Friday, April 03, 2009

Barone on NY’s 20th District’s Absentee Ballots

Michael Barone, one of our best election analysts, yesterday discussed the 5900+ absentee and military ballots which will decide the House race in NY’s 20th congressional district.

Here’s some of what he said - - -

… Of those 5,995 votes, 48 percent were cast by registered Republicans, 36 percent were cast by registered Democrats and 16 percent by others. That's a 12 percent Republican advantage, a little less than the 15 percent advantage Republicans have in total party identification.

It suggests to me a pretty good Democratic absentee voter drive, since registered Democrats in an Upstate New York district are likelier to be behavioral Democrats than registered Republicans are to be behavioral Republicans. (Reasons: a lot of people register Republican to vote in legislative and local primaries in jurisdictions which are now or have been heavily Republican in general elections; some people may have registered as Republicans years ago out of conviction but lately have been voting Democratic, which is in line with the Democratic trend over the last decade or so in Upstate New York).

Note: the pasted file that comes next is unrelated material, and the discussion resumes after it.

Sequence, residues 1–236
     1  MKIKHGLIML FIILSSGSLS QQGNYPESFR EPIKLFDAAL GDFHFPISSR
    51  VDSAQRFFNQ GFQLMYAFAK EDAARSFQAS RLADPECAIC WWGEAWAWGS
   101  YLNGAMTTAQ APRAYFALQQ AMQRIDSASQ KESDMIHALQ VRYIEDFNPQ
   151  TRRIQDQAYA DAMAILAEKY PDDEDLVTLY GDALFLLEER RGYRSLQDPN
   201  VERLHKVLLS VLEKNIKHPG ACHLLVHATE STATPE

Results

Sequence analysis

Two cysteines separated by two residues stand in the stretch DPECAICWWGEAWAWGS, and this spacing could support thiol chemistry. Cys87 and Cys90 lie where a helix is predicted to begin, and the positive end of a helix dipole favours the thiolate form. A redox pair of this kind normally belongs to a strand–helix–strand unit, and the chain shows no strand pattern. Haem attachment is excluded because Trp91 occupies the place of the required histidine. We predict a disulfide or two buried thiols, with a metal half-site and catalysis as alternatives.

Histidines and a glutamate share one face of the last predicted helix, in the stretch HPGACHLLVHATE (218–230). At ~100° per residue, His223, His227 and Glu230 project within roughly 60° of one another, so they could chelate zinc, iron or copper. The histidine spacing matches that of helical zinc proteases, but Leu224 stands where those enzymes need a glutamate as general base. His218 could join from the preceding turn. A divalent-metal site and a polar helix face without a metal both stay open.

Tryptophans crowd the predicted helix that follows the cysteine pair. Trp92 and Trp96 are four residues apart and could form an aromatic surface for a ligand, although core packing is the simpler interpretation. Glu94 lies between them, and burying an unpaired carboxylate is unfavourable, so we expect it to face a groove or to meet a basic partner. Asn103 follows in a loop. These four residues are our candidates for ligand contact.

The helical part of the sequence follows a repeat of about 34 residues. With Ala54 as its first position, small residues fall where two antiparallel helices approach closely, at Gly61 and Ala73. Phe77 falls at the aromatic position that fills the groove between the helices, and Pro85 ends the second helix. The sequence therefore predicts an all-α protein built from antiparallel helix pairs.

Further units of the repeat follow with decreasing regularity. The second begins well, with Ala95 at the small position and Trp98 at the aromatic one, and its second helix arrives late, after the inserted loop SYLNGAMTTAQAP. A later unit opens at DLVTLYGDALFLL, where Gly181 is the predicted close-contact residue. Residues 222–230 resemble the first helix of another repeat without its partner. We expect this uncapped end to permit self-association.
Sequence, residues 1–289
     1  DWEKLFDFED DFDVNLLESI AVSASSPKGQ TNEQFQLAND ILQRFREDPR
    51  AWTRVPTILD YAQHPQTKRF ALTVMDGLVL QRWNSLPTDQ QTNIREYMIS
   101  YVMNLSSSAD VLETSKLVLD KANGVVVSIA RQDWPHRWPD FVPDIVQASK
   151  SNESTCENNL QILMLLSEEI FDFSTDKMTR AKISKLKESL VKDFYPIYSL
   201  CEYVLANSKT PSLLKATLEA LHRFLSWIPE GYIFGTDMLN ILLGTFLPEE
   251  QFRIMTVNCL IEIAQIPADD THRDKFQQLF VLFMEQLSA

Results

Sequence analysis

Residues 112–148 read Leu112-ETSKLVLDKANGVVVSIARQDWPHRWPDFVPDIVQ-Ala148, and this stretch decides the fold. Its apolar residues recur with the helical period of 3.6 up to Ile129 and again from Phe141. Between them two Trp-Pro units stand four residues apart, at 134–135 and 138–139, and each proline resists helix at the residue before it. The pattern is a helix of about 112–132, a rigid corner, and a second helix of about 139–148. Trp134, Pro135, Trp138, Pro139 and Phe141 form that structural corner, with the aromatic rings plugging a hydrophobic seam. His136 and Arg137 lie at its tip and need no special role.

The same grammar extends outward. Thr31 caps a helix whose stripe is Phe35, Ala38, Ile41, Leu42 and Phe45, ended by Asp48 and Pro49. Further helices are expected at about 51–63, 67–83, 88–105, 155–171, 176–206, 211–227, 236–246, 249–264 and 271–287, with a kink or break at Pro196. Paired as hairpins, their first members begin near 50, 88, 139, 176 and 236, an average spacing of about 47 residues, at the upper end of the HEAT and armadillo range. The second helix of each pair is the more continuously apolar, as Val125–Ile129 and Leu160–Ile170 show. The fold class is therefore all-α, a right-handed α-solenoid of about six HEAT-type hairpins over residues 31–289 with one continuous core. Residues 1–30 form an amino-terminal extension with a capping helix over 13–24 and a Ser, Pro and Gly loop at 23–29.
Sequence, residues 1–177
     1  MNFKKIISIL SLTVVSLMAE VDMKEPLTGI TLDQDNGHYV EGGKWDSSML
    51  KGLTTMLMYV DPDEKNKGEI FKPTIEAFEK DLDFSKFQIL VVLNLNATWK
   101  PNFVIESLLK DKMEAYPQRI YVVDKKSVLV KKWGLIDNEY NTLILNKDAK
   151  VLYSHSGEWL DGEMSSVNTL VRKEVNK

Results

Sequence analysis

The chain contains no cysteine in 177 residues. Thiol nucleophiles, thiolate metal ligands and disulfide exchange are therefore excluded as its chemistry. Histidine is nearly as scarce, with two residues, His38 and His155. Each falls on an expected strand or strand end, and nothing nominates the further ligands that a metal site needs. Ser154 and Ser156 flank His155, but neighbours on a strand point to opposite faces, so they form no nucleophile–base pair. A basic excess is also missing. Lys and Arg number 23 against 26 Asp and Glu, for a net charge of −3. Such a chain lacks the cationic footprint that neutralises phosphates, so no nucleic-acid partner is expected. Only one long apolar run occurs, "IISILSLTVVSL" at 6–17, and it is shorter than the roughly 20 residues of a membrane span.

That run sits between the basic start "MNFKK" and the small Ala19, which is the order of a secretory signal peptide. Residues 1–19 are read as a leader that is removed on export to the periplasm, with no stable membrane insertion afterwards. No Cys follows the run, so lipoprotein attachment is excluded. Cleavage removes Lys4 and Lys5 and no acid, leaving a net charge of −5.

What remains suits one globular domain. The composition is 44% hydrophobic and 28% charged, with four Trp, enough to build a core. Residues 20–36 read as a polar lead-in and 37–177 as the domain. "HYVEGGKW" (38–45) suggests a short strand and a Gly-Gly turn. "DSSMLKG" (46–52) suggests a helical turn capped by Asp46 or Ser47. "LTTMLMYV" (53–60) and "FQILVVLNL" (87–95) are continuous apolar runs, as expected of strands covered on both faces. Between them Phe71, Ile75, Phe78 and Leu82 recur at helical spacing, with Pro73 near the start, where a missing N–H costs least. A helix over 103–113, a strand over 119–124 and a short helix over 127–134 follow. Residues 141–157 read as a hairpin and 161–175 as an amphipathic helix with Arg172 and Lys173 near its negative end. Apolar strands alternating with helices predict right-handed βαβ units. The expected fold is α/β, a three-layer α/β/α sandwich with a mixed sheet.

Thus this absentee electorate could be a little more Democratic than the voters who voted on election day.

However, it's also possible that an effective Republican absentee voter drive targeted those registered Republicans who also indicate that they are behavioral Republicans; if I were setting up an absentee voter drive that's what I'd aim at doing.

So this absentee electorate could be a little more Republican than the electorate as a whole. There's no real way to know until the votes are counted. …

There's still time for absentee ballots to be received—and even more time for military ballots. …

Democrats are spinning that the absentees from each county will come in the same way the county voted on election day, in which case the Democrat Scott Murphy wins. Maybe, maybe not.

Republicans are spinning that the absentees will come in more Republican than the election day vote because of the Republican party registration edge among them. Again, maybe, maybe not.

Barone’s entire post's here at his
Thomas Jefferson Street blog.